Dose-response relationship between exercise and CVD risk factors : a meta-analysis of randomized controlled trials /

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Barreira, Tiago
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Middle Tennessee State University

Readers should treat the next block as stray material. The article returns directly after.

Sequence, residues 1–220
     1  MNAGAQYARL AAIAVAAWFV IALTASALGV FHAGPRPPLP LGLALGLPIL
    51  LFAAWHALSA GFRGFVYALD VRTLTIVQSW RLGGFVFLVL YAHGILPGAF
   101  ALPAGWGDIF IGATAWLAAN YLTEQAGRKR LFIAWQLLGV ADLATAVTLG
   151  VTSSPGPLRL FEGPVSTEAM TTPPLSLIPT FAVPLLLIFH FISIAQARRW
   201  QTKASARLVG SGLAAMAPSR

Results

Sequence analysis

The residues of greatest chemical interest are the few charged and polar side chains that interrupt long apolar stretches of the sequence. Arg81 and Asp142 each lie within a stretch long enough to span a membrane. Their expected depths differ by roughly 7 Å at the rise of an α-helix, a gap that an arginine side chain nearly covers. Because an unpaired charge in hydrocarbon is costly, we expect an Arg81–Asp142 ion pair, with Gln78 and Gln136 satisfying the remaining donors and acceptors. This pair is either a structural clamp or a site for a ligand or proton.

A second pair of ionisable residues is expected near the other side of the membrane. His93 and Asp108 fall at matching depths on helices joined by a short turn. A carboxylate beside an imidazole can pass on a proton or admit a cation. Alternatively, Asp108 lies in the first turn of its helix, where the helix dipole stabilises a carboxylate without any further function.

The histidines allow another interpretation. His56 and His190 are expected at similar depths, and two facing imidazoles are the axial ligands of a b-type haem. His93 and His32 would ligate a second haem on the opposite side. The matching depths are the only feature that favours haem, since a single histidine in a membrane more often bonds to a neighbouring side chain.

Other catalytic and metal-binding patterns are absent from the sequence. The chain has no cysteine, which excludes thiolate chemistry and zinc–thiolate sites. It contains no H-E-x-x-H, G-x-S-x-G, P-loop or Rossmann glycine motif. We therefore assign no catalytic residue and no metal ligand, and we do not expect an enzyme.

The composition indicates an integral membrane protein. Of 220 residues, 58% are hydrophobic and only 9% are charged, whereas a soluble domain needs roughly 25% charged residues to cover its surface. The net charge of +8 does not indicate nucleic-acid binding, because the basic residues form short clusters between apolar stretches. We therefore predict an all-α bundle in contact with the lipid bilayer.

Very strong scientific evidence shows that physically active people have better health, lower risk profiles for developing a number of disabling medical conditions, and lower rates of various chronic diseases than people who are inactive. However, due to the many variables associated with volume of physical activity and exercise, the dose-response relationship between exercise and cardiovascular disease (CVD) risk factors is not completely understood. The purpose of this investigation was to review and quantify the dose-response relationship between exercise and CVD risk factors using a meta-analytical review of randomized controlled trials. Studies that included adults and contained at least three CVD risk factor variables were identified using computer searches of the PubMed database restricting the search to randomized controlled trials studies published in English and for the period between January 1990 and December 2009. The search keywords were "exercise," "physical activity," "control," "cardiovascular," "CVD," "intervention," and "adults". Studies were classified in 12 possible categories based on the intensity and duration of exercise performed during the intervention. A total of 14 different variables representing CVD risk factors were investigated and the dose-response analysis was conducted for 12 of those variables. A total of 74 studies provided sufficient data to compute an Effect sizes (ES) expressed as Hedges adjusted g and were included in the analysis. VO2max had all positive ESs and a large positive effect. All other CVD risk factors had overall small effects. No significant differences were found among the ESs for different dose categories for any of the variables indicating the lack of a dose-response relationship. This study makes clear that CVD risk factors do not have the same response to exercise and the current recommendations for duration and intensity of exercise do not guarantee positive and effective results to all CVD risk factors. So
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